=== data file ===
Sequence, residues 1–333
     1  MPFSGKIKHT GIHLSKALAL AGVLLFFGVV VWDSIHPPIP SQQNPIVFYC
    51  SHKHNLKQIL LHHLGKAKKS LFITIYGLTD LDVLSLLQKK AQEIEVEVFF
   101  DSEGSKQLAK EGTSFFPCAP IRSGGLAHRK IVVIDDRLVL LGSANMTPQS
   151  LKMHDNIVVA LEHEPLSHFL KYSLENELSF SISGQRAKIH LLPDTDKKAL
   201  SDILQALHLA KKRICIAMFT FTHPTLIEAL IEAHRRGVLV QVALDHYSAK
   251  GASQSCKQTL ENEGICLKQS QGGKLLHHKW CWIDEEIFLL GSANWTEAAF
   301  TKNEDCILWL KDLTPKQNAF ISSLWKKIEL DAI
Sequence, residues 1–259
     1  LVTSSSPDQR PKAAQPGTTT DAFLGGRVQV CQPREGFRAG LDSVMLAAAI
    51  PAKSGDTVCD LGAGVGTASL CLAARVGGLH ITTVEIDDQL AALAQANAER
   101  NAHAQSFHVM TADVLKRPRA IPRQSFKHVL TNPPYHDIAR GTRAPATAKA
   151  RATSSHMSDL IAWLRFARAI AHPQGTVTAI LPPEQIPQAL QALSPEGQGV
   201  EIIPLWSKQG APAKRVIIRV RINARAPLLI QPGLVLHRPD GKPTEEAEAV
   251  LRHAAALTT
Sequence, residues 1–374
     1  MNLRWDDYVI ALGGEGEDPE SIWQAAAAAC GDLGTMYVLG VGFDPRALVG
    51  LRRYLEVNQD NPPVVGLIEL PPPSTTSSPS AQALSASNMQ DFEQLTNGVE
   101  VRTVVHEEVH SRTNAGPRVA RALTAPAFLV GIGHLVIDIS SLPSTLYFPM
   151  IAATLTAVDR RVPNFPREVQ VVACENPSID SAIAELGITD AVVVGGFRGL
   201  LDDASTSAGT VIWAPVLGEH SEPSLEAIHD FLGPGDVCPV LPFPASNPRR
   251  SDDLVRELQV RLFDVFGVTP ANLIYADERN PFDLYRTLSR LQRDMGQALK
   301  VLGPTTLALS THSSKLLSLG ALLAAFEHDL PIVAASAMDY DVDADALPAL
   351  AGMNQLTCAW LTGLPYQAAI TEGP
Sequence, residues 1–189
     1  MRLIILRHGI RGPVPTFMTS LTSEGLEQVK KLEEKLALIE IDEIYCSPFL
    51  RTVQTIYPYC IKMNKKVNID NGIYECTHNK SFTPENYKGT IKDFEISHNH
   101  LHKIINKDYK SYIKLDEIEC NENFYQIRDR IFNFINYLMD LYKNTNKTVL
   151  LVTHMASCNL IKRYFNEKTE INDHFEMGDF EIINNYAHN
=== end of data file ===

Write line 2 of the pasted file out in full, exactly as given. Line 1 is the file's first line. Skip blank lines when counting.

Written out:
     1  MPFSGKIKHT GIHLSKALAL AGVLLFFGVV VWDSIHPPIP SQQNPIVFYC